Financial Aid Basics
Financial Aid Basics
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Education can be affordable for everyone, no matter their background and the type of school they hope to attend. The U.S. Department of Education administers billions of dollars of financial aid to students each year in the form of grants, loans, and work-study, but that’s only half the story. Students can also get financial aid from any number of other sources, especially if they’re determined to find scholarships and make college affordable. Once you know how much you received, you may be surprised at how much your out-of-pocket costs decrease.

Financial aid can come from any number of sources: the federal government; your home state; your school; and private organizations, banks, and individuals. Aid can be awarded to a student for two reasons. Either a student needs the money to make attending school feasible (need-based), or the student’s academic, extracurricular, or essay-writing success have won them the money (merit-based). Financial aid comes in the form of loans, grants, scholarships, and work-study.

Before you apply to a college, it can be helpful to know how much you would be required to pay out of pocket each year should you be accepted and choose to enroll. What you are required to pay may vary year to year, but you can get a good estimate of your costs by estimating your financial need and understanding how much financial need a school meets with financial aid. Some schools may meet all of a student’s need, in which case your out-of-pocket costs are going to be no more than you and your family can afford; others meet only a portion of a student’s need. Calculate these figures before submitting your applications.

Applying for financial aid doesn’t have to be overwhelming. As long as males over the age of 18 register for the Selective Service, they will be eligible for federal financial aid (there is no such requirement for females). Then, fill out the Free Application for Federal Student Aid and, if required, the CSS Profile or any other institutional paperwork. Once you’ve finished the big stuff, you can explore private scholarships and, as a last resort, private loans.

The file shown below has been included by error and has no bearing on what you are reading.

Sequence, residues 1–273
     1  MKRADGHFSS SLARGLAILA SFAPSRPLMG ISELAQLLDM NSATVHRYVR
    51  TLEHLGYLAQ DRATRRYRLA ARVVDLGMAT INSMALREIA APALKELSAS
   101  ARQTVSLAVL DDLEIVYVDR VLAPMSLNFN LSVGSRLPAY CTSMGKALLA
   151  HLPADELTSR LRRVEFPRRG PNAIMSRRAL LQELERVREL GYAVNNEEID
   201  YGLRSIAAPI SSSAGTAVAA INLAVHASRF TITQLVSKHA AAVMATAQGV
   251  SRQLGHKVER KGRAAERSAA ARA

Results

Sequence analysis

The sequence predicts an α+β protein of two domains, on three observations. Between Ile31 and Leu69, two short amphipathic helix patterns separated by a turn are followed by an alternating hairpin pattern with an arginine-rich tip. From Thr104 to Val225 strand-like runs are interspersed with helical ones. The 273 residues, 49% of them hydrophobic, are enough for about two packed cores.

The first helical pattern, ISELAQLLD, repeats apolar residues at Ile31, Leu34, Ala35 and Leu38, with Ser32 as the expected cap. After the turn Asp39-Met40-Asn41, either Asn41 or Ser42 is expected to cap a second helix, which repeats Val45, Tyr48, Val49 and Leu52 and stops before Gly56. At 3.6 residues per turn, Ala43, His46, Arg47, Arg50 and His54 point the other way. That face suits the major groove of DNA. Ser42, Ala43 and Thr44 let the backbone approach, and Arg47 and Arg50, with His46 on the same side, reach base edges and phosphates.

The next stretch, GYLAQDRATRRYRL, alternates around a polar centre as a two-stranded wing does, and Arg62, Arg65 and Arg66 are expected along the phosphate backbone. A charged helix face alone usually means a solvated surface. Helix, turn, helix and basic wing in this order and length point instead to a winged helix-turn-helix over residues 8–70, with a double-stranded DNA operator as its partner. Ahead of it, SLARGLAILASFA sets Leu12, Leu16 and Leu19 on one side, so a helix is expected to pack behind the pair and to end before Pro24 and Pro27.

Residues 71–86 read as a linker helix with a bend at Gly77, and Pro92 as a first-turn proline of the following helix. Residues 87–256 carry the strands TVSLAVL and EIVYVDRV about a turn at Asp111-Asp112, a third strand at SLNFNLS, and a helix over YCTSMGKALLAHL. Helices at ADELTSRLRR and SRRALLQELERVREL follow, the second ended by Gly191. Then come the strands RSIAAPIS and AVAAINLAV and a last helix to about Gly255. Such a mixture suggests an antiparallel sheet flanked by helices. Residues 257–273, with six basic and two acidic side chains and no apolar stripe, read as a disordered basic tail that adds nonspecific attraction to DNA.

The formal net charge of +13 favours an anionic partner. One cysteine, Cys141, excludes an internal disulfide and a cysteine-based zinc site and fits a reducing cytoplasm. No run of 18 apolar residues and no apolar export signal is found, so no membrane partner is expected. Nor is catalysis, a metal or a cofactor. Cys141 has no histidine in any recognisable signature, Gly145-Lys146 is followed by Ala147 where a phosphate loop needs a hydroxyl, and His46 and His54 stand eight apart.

Your financial aid letter details how much money you’ve received from a particular institution. It will explain how much, if any, you’ve received in grants, let you know if you’ve qualified for work-study, and list your limit for federal loans. You do not have to take out all of the loans that you’ve been awarded. Also listed should be the cost of attendance at the institution (tuition, room and board, fees). Subtract the free money you’ve been awarded (grants and scholarships) to determine how much you are actually liable for.

There are a lot of rumors floating around about financial aid. It’s a hard topic to tackle, and there’s a lot that goes into a financial aid decision, so it’s easy to get confused. You should be aware, though, that most of what you hear is untrue. Students from all income brackets who take the time to fill out the FAFSA are often rewarded for their efforts. Apply for financial aid early and apply every year! Your award may surprise you.